The “Frozen Tundra”…

Wednesday, October 14th, 2009

People assoicate that phrase “frozen tundra” with the famous Ice Bowl game between the Green Bay Packers and Dallas Cowboys, and even more so with the late John Facenda of NFL Films. Everyone imitates it, but as I found out last night in an interview with Steve Sabol, Facenda never actually spoke those words. Here’s the true story:

Steve Sabol wrote those very words while working on the Packers’ highlight film for that season. Vince Lombardi, an English major, wanted to review the script before it went to production. Lombardi first informed Sabol that “frozen tundra” is redundant (Wester’s defines it as a level or rolling treeless plain that is characteristic of arctic and subarctic regions, consists of black mucky soil with a permanently frozen subsoil). Secondly, Lombardi told Sabol that because they had installed a heating element under the field, the field was actually never frozen, and he would not allow those words to be used!

Interestingly enough, the Cowboys did have “frozen tundra” in their highlight film that year because GM Tex Schramm wanted it that way, blaming the loss on the elements. John Facenda did not narrate that film.

So, next time someone jokes about the “frozen tundra of Lambeau Field”, politely correct them.

A Collective Sigh Of Relief

Wednesday, October 7th, 2009

That’s what you heard from a nation of Giant fans on Sunday when Eli Manning didn’t go in for x-rays and was being taped up on the sideline. I originally laughed at Eli for “hoping and skipping” in the pocket, but after the play the first thing that popped (I probably shouldn’t use that word) into my head was his Achilles. Thankfully it wasn’t, with the diagnosis being Planta Fascitiis. I’m no doctor, but I remember it being described to me as walking with a small stone inside the bottom of your shoe. We all know that feeling. So, Manning will be a question mark right up until Sunday most likely.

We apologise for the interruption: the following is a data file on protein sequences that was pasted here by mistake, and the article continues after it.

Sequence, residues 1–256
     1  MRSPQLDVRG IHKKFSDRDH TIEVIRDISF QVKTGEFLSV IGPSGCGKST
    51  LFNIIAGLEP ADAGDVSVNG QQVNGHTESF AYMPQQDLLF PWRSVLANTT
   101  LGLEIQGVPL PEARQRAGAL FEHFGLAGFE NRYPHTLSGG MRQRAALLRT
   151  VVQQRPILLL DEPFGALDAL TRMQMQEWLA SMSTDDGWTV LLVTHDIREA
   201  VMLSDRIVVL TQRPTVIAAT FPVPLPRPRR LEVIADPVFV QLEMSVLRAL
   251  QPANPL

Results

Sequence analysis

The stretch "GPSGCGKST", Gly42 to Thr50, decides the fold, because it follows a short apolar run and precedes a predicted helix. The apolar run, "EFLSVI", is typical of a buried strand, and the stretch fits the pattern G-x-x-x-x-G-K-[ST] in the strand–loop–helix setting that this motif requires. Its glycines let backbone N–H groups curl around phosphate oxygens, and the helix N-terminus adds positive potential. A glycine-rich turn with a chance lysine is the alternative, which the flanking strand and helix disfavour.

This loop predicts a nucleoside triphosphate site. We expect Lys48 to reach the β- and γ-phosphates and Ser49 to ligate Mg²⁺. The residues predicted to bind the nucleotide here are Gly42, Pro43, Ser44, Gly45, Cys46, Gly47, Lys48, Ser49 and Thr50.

While watching the game, I envisioned this blog entry being name something like The Other Steve Smith, because #12 just had one hell of a first quarter of the season. Our Steve Smith, after four weeks, leads the NFL in receptions and yards. Who would have imagined? I’ll be interested to see how Smith and the Giants respond when the double teams start (have they already?) and the competition gets better. But if there’s one play that really stuck with me on Sunday, it was the one after the roughing call (a bad one BTW) where Smith got smacked and had the pass dislodged on a route over the middle. The very next play had Smith was running a 25 yard post down the middle of the field for a touchdown between three defenders. How do you like those onions?

The other player who caught my attention (actually last week in Tampa, too) was Michael Boley. He’s all over the field. In pass coverage. Rushing the passer. On run plays. This was a great signing, so let’s hope his return from a knee scope (more surprises) won’t be too long.